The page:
Friday, May 1, 2015

Jelly Populations on the Rise?

Over the last several decades, records of global jelly populations suggest numbers are on the rise. The jury is still out on whether or not this is a sign of an ocean in trouble. However, an important message emerges from marine researchers: ongoing worldwide jelly monitoring programs will act as sentinels to identify future changes in marine ecosystems.

For this reason, the Port Townsend Marine Science Center is starting our own jelly survey. But we need your help.


You may be wondering: What is a jelly? Jellies are comprised of gelatinous tissue and lack hard skeletal components. Jellies have tissue composed of at least 95% water and are delicate and easily damaged. They are a key indicator species of ocean health and an important link in our local marine food web.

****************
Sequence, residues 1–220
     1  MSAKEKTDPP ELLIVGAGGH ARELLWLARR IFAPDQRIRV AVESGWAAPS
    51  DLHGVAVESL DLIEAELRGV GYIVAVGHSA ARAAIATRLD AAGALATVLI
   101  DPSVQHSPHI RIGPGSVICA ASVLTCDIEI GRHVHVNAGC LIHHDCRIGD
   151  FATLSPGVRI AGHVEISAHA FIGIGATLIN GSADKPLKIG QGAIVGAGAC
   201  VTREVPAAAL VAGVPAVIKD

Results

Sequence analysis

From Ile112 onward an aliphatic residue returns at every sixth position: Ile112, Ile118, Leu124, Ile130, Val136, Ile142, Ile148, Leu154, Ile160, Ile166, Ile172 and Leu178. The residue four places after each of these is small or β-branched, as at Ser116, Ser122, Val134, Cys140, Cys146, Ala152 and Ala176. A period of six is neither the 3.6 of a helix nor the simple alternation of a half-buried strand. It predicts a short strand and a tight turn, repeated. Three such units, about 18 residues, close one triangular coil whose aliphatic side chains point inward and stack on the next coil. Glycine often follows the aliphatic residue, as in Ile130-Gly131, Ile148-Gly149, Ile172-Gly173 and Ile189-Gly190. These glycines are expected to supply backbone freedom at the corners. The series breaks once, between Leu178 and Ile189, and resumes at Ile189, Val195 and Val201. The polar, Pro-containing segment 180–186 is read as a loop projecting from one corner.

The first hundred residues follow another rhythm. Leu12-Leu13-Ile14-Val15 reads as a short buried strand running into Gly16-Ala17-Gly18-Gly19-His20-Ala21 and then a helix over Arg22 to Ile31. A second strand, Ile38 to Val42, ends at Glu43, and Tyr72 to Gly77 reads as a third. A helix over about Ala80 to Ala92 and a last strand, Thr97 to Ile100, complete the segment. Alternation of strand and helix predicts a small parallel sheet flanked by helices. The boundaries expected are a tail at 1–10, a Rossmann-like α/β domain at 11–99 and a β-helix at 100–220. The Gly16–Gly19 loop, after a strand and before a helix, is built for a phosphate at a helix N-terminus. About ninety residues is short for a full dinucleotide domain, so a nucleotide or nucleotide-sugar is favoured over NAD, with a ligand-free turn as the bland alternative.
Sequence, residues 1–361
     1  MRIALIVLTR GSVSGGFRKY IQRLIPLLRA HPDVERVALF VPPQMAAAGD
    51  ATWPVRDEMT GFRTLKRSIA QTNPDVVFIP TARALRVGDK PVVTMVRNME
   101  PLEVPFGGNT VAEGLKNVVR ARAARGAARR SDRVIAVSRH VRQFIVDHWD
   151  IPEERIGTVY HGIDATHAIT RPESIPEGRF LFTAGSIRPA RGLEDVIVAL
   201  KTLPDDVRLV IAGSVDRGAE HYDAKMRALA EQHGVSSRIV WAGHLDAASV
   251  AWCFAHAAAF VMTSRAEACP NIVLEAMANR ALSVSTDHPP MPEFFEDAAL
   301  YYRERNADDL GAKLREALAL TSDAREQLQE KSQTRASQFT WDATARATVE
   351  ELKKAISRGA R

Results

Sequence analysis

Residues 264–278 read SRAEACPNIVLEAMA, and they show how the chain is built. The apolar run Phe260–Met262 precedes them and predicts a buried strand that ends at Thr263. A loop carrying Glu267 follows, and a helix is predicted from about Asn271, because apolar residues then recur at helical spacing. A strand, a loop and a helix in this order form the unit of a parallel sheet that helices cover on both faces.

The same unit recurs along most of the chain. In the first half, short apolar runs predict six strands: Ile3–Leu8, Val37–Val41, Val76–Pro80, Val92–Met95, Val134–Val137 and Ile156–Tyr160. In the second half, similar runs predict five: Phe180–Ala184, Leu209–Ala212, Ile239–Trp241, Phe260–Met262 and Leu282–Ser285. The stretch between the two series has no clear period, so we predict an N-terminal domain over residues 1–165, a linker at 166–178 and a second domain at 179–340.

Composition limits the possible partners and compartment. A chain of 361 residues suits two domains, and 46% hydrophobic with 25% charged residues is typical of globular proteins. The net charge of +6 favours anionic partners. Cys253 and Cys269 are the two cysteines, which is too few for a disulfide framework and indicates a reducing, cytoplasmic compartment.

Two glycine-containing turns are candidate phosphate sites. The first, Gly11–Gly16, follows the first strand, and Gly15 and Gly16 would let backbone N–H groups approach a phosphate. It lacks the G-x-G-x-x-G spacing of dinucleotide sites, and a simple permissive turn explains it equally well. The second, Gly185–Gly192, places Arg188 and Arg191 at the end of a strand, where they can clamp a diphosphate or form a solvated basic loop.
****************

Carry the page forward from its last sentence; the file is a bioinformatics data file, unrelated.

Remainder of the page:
With your support, PTMSC will be able to collaborate with local researchers to develop a survey protocol and contribute our observation data to the global jelly survey program, JellyWatch. The project aims to be available to all PTMSC visitors, volunteers, and staff. The survey is designed around a “drop-in” style of Citizen Science, allowing any park or Science Center visitor to participate.


This coming Tuesday, May 5th, the Port Townsend Marine Science Center is joining more than 8,000 nonprofits for the GiveBIG fundraising event through the Seattle Foundation to raise funds that will support the collective action necessary in addressing the problems affecting our oceans today, including climate change!


We need your help in raising $13,000 in one day to support climate-change action. Thanks to a group of generous PTMSC supporters, the first $6,500 donated will be matched dollar for dollar!

In anticipation of this BIG event, we’ve been sharing updates on some of our climate change efforts: our new Gone Green? Go Blue! exhibits, a pilot program with our local high school focusing on ocean acidification, and today, our citizen science project that studies jellyfish populations around the pier at Ft. Worden State Park.

Gone Green? GiveBIG! Support Your Local Ocean next Tuesday, May 5.

Photo 2 by Rachel Ganapoler

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